The Rohingya who live in Rakhine state are expected to remain in their own villages, or in the open-air prisons of the camps for internally displaced people, where they have been without any sign of relocation since 2012. Yet, predictably, many Rohingya attempt to leave this situation in hopes of finding a better life outside of the camps.

Some have attempted to flee by boat or by land through towns and cities en route to Malaysia or Thailand. Those who do so and are caught have been disproportionately punished by the government and authorities with racist and antiquated laws that defy basic international norms and myriad human-rights laws. 

Rohingya who are arrested for traveling outside of their villages face significantly worse penalties than actual foreigners traveling through the country without documentation. When the Rohingya are arrested, BHRN has found their trials are conducted so quickly they are unable to obtain legal representation, are denied due process, and they are often given the harshest penalties possible.

For Rohingya, they risk fleeing an open-air prison only to be placed in actual prisons, for the crime of trying to live as freely as someone else born in Myanmar of the state’s preferred ethnicity and religion. 

These arrests have increased after the military’s 2016 and 2017 campaigns that dislodged nearly a million Rohingya from the state into refugee camps in neighboring Bangladesh.

The circumstances that Rohingya in refugee camps and in Myanmar face are understandably desperate, and that has pushed them to seek help from human traffickers. In a startling discovery by BHRN, cases against traffickers were seldom made when Rohingya were prosecuted for illegally traveling through Myanmar or offshore. In cases where traffickers were prosecuted, the Rohingya being trafficked were still given harsher sentences and not treated as victims. 

Demonization by media 

To make matters worse, local media outlets in Myanmar utilize demonizing and dehumanizing language to describe Rohingya who were arrested for traveling. Often they are described as “Bengali” as a way to assert that the Rohingya are foreign. Frequently they are called “illegal Bengali immigrants” or “illegal immigrants of the Islamic faith.”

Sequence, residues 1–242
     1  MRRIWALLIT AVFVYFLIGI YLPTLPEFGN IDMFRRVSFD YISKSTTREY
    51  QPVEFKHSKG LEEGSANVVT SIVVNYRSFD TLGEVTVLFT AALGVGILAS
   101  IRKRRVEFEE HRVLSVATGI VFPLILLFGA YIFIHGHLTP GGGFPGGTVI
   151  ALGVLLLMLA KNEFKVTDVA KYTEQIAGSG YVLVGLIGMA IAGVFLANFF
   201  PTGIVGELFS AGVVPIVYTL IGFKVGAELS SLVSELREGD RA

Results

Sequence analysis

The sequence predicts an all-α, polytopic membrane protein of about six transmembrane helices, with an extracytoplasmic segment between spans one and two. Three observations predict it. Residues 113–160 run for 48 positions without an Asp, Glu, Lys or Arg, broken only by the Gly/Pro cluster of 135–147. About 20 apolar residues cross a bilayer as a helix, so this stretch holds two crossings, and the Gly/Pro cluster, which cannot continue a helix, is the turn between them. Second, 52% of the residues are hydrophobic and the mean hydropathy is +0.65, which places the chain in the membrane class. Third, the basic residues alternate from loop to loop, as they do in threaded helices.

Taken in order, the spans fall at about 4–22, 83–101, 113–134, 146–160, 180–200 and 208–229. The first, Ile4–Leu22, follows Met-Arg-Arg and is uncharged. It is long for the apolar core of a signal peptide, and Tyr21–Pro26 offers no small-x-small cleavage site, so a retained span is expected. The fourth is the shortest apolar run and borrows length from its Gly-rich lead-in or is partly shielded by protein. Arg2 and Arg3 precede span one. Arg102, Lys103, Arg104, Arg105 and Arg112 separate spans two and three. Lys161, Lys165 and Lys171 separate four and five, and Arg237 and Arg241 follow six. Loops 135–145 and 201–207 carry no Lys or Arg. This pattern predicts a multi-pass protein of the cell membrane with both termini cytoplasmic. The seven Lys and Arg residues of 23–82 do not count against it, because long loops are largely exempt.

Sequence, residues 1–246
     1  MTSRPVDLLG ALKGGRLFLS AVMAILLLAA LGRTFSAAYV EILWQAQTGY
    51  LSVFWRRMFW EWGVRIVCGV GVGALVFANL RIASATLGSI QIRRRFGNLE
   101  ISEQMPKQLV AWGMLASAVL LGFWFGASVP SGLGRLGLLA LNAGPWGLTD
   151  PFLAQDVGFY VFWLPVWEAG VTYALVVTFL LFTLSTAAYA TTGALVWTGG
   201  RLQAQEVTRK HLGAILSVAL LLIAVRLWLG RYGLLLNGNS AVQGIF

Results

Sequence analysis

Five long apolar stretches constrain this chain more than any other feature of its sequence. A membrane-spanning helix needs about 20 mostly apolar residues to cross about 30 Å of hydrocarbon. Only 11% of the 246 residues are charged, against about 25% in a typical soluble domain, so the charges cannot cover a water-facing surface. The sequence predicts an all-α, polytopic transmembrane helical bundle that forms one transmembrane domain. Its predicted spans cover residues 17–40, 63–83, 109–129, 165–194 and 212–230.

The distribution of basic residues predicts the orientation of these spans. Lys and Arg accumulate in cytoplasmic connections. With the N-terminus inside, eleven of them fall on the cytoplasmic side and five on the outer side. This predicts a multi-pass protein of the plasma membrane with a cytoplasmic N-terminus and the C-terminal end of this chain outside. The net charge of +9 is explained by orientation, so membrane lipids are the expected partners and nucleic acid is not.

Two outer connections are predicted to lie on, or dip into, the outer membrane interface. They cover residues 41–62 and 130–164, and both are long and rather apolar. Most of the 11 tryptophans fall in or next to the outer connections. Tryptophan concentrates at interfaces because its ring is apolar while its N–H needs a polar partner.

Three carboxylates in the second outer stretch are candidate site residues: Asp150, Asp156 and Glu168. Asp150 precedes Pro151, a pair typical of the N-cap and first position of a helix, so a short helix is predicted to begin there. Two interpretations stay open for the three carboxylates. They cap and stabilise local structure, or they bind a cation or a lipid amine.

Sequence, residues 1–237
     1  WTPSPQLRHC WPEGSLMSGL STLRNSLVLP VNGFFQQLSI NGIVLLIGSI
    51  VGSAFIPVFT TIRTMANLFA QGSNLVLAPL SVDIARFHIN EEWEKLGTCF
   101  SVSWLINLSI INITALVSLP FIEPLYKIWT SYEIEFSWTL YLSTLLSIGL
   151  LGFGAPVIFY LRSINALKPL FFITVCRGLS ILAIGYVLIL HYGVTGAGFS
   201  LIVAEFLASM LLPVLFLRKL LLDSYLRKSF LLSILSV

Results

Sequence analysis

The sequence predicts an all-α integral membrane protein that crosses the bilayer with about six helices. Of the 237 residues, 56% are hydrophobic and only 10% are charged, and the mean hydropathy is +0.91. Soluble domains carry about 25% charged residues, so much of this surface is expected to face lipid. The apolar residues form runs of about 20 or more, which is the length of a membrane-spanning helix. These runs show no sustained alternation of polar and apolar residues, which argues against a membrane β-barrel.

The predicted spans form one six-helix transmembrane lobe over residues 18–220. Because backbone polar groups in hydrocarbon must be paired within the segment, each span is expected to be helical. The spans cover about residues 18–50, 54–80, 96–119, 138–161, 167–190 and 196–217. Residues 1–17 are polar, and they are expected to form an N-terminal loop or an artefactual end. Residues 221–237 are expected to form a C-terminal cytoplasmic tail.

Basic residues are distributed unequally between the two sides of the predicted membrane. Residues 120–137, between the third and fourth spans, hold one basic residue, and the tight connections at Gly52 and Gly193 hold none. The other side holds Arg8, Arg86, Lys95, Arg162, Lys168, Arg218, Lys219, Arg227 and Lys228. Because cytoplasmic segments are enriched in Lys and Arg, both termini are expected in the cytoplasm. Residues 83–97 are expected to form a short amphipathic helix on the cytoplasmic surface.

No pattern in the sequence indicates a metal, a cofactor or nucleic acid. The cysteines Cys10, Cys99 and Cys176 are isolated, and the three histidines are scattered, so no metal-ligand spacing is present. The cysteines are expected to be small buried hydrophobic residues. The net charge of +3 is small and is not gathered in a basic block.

These terms are used to convince the public, who already are heavily bombarded with ultra-nationalist propaganda, that the Rohingya are not people born in Myanmar who are trying to find safety and livelihood, but rather are nefarious foreigners breaking laws around the country.

In a country where anti-Muslim riots have broken out regularly over the past decade, this is both malicious and dangerous. It turns the public against one of its most vulnerable demographics and entrenches sentiments that have already been used to justify the genocide against them. 

Myanmar, particularly its de facto leader Aung San Suu Kyi, must make the politically unpopular but morally correct decision to make genuine efforts to grant the Rohingya full citizenship and rights. Rohingya living in Myanmar must be allowed to travel freely without impediment due to their ethnicity or religion.

The Rohingya living in the refugee camps in Bangladesh must be allowed to return as full citizens with full rights as well. Anything short of this is apartheid, regardless of how politically advantageous it may be. 

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Kyaw Win

Kyaw Win is a human rights activist from Myanmar based in London. He is the founder and executive director of the Burma Human Rights Network.